Parisian chocolatier, Patrick Roger's Chocolate Cake - an easy recipe to recreate at home. Decorate with chocolate macarons for a special occasion.
Keeping the kids amused during the French school holidays is always fun. Fancy art museums in Paris? There's also the Paris Choco Story - Chocolate Museum! Moreoever, what about checking out sculptures, made entirely out of chocolate? This is how Patrick Roger's Chocolate Cake happened.
There's been much hype around chocolatier Patrick Roger's new boutique at La Madeleine so it was time to enjoy the Patrick Roger experience in Paris with his out-of-the-box chocolate sculptures under one roof. As the tourists poured in and we looked around for the rest of the sculptures, we discovered the upstairs gallery was closed to the public. What? You mean...? We .... can't see any more today? Dark chocolate lumps formed in our throats.
Tails between our legs, we headed down Rue Royale.
As if by chocolate magic, Patrick Roger appeared that evening on France's popular TV show, Top Chef. He was hosting a Chocolate Cake Challenge. The competing professional chefs' faces were a picture when they saw Patrick's alluring cheeky face appear but displaying his grand 'MOF' uniform: Meilleur Ouvrier de France, 2000. As he demonstrated his recipe, it called our next holiday activity; Amateur but macaron-style!
This was also a good excuse to use the most exquisite cooking chocolate from our local chocolate factory. Alas, they closed due to a fire but at the time of writing, the Chocolaterie du Pecq only opened their doors to the public in December, I'd gone bananas and stocked up with a whole cupboard of their products! The paradox? They supply their chocolate to Menard's La Chocolatière in Tours, where Patrick Roger started out his career!
Patrick Roger's Chocolate Cake
5 egg whites
210g caster sugar
1 egg yolk
100g flour, sifted
50g unsweetened cocoa powder
80g hazelnuts, finely chopped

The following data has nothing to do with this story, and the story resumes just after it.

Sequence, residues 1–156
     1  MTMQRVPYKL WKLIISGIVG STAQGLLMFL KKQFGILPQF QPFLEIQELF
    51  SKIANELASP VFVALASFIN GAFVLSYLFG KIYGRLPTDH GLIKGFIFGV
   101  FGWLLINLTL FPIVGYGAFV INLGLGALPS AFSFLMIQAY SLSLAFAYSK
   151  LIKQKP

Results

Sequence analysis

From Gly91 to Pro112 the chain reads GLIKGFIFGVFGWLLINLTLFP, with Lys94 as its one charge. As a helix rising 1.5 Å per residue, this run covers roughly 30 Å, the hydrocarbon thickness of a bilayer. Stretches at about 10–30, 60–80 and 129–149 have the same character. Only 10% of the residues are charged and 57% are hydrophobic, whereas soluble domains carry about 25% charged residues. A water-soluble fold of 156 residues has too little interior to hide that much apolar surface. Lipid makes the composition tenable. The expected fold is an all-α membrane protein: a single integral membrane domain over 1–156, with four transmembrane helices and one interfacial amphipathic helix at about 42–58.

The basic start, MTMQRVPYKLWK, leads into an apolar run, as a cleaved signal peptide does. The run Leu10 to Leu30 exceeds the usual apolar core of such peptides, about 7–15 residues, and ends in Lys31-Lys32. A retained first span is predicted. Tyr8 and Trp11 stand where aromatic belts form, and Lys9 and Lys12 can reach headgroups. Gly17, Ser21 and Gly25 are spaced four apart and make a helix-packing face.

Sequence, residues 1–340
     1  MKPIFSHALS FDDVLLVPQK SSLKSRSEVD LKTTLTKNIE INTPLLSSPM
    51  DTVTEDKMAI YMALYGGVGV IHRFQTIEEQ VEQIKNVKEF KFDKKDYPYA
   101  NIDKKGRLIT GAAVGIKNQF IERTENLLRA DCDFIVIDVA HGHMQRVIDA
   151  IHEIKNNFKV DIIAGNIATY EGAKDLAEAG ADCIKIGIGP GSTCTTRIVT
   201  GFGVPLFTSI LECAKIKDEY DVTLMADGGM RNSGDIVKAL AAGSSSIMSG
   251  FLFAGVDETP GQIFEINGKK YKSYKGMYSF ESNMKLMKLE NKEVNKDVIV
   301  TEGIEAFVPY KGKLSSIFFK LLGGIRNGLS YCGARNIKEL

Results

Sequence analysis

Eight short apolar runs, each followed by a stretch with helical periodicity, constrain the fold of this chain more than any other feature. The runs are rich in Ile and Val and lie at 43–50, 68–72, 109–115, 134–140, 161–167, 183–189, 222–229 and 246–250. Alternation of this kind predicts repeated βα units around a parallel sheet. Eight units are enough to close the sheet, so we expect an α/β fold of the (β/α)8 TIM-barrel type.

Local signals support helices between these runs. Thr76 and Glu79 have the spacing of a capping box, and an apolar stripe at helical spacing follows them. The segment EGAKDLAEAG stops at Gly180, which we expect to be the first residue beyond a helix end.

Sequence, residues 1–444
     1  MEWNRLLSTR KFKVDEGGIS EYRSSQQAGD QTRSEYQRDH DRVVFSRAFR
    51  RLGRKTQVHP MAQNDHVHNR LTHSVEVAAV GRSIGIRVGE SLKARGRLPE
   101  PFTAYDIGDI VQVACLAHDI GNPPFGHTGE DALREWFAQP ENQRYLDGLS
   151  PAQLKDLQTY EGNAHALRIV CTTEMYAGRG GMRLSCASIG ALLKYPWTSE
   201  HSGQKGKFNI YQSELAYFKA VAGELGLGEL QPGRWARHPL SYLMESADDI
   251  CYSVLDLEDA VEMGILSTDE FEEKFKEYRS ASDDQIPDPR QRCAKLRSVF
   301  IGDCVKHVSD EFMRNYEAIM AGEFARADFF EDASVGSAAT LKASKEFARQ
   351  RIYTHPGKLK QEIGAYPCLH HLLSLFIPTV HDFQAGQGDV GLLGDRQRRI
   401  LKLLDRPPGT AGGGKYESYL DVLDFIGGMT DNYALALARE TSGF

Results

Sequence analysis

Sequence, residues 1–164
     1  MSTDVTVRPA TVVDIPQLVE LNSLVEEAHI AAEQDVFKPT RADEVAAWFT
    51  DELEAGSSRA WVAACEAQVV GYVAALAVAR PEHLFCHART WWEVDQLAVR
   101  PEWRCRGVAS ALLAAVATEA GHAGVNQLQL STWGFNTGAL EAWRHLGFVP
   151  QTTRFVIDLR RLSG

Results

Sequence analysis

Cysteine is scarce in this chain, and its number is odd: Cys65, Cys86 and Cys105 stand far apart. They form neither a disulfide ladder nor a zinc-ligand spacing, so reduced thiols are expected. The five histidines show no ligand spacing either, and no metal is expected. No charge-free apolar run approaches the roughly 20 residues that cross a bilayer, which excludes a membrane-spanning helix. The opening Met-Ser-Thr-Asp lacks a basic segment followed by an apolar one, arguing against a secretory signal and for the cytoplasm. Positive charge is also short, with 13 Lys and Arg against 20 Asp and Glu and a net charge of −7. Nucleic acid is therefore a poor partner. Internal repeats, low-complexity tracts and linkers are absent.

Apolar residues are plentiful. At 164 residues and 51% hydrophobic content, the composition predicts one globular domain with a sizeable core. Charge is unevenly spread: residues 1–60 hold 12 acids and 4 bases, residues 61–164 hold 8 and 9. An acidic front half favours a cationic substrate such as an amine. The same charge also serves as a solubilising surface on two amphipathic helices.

1. Using a mixer, whisk the egg whites, adding the caster sugar gradually until you have firm peaks. Add the egg yolk and continue to mix.
2. Fold in the flour with a large spatula and add the sifted cocoa powder. Gently melt the butter in a saucepan and mix into the batter with the hazelnuts.
3. Pour into a rectangular mould (I used a silicone rectangular cake mould) and bake 30 mins at 160°C. (I found with my oven that I needed to bake it for 40 minutes at this temperature).
4. When cool, cut the biscuit into 3 slices horizontally. (As you can see, I didn't cut them as precisely as Patrick Roger did and regretted this afterwards!)
100g granulated sugar
2 vanilla pods
the zest of an orange
5. In a saucepan, boil the above ingredients and scrape out the vanilla seeds from the pods.
6. Using a brush, cover each layer with syrup.
300g dark chocolate (I used 64%)
7. Boil the cream with the honey, and pour onto the broken chocolate bits and whisk gently. Add the butter. Mix using a hand blender.
8. Cover the biscuit layers with the ganache, one on top of the other. Leave to rest for 30 mins then cover the cake with cocoa powder.
9. Using a stencil, dust with icing sugar to decorate.
Bear footprints? Well if you saw the weather in Paris last week, it snowed. Big time!
We were just left with un petit problème: we had too many chocolate macaron shells. A few of them managed to eat up the little extra ganache that was left but the rest have gone straight in to a pastry box in the freezer 'bank'. That way the next chocolate dessert can be decorated with macarons with no effort at all!
Our family verdict? For chocolate dessert fans who don't like their cake too sweet and appreciate the intense bitter chocolate flavours coming through, you'll adore Patrick Roger's Chocolate Cake.
Patrick Roger's Chocolate Cake
- 5 egg whites
- 210 g caster sugar
- 1 egg yolk
- 100 g flour sifted
- 50 g unsweetened cocoa powder
- 100 g butter
- 80 g hazelnuts finely chopped
- 100 g water
- 100 g granulated sugar
- 100 g rum
- 2 vanilla pods
- the zest of an orange
- 300 g cream
- 40 g honey
- 40 g butter
- 300 g dark chocolate I used 64%
- Using a mixer, whisk the egg whites, adding the caster sugar gradually until you have firm peaks. Add the egg yolk and continue to mix.